Ludhiana, Mar 25: Punjab is gradually becoming the promised land of diversified farming, as farmers are looking for ways to get out of the paddy-wheat cycle.
Backed by expert knowledge and marketing expertise, Punjab today accounts for almost half of the total production of honey in the organised sector. The widespread bee floral plants and crops act as catalysts to the Punjab farmers to take a bow for the new revolution'. Apiculture, the cultivation of bees for honey, has grown to a profitable para-agricultural for the hundreds of farmers all over Punjab. It was at the Punjab Agricultural University in Ludhiana, the seed of bee farming was sown. Today, it has become a movement. Continuing its support, the University has constituted a Progressive Bee Keepers' Association to help farmers with marketing and packaging strategies. "I am into bee keeping for the last five years and started it with ten boxes. Now, I have some 150 boxes. If you compare honey production and crop production, three boxes are equivalent to one-acre production of crop," said a farmer.
The outcome has been dramatic as apiculturists in Punjab have the confidence to compete with the best-known brands. "I am into honey production for the last 10-12 years, which I started with just US 30 dollars. Today, my annual income from honey production is above US 5,000-7,500 dollars per annum," added another farmer.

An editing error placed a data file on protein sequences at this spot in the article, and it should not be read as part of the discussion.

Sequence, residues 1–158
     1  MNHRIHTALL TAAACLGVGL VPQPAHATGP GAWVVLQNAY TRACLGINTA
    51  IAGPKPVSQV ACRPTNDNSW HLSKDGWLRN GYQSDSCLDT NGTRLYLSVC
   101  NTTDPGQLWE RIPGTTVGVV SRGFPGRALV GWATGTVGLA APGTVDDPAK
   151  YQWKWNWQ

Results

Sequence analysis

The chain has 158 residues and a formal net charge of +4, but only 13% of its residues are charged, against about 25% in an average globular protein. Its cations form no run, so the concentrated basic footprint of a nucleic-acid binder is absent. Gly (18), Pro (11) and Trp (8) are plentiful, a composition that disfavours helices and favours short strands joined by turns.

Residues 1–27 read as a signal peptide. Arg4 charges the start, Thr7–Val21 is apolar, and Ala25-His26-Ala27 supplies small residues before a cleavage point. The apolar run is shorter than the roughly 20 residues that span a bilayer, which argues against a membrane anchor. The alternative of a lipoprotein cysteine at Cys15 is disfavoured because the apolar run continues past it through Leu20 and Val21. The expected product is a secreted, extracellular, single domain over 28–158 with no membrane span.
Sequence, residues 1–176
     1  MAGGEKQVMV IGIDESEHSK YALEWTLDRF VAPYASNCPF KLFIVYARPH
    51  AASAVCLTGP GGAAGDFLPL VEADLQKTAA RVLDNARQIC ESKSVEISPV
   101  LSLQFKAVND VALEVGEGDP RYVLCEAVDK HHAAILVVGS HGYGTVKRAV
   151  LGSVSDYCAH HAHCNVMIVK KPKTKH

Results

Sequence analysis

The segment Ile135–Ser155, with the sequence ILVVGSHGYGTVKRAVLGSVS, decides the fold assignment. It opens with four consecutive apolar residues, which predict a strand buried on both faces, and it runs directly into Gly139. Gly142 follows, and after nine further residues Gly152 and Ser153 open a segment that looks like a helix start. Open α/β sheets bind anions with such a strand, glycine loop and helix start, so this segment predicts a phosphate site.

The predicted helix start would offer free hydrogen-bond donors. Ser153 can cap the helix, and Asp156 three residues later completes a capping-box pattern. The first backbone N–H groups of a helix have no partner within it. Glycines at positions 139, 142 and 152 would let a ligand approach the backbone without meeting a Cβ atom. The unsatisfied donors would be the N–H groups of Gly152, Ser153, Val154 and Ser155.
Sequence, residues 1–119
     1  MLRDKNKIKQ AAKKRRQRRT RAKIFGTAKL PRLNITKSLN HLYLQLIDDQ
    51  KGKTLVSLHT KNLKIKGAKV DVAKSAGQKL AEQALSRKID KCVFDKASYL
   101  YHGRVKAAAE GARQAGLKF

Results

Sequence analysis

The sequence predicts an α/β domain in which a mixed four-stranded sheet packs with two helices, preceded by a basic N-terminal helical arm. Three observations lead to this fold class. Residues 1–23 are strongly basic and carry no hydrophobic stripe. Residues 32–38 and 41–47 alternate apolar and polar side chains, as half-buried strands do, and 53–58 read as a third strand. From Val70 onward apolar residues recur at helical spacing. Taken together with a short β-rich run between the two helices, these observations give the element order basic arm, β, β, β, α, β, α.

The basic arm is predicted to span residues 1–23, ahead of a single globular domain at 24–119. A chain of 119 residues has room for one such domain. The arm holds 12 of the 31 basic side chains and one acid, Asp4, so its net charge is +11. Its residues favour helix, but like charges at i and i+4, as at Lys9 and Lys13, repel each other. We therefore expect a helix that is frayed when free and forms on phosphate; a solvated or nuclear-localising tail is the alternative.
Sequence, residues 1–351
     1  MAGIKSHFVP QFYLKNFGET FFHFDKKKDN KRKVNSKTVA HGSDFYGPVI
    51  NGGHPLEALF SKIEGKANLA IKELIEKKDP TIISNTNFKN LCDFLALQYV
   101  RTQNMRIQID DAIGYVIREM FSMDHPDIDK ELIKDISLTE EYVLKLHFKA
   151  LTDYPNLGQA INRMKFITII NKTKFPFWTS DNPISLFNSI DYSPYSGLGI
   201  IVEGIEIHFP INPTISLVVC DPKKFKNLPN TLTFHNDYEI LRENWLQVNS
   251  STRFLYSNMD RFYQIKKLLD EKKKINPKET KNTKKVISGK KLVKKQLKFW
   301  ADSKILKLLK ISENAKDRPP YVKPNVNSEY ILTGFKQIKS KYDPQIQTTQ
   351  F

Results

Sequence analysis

Diversification being the buzzword now, the University arranges farmers' fairs to educate farmers' of varied methods in honey production. Having over 22,000 beekeepers, Punjab produces about 42,000 tones of honey. At the fair, the aspiring farmers collect scientific knowledge about how to set up a colony, along with bee breeding and the usage of tools. With growing reliance on honey production, farmers' are keen to take on bee keeping. Dr. P K Chhuneja, Entomologist, Punjab Agricultural University, said, "Bee keeping is a very good side business as well as whole time business or for self-employment. This occupation does not require sophisticated equipment or any specific structure. We require only honeybees and colonies and large beds of bee flora, which is available in Punjab."
"Punjab being sure having assured irrigation, good flora is available and because of availability of flora the Punjab has capacity to maintain ten lakh honeybee colonies. So, still we have very good scope to increase this profession," he added. It's a jackpot, which Punjab has unearthed recently. On the outskirts of Ludhiana in Doraha is Kashmir Apiaries Exports. The company accounts for 40 per cent of the total organized sector honey production in India, owns the largest number of bee hives and procures honey from all over the country. Products of Kashmir Apiaries are exported to 35 different nations and its honey is being used in Swiss chocolates, candies and even French cosmetics. The company's latest target is the Middle-East nations, Algeria and Morocco. "This industry, I think is worth several million dollars, if you take this cross-pollination. Because one of the scientists from New Zealand, he made a very appropriate study in Nepal in which he had shown that you keep one colony of Italian bees and there benefit to the farmer in terms of pollination service would be more than two lakhs. Just one colony per annum!," said Kashmir Apiaries Exports The company's growth will only add to the farmers' benefit.
Producing over 20 varieties, India exports 25,000 tones of honey worth 50 million US dollars. And, Punjab has a major share to make India proud. By Karan Kapoor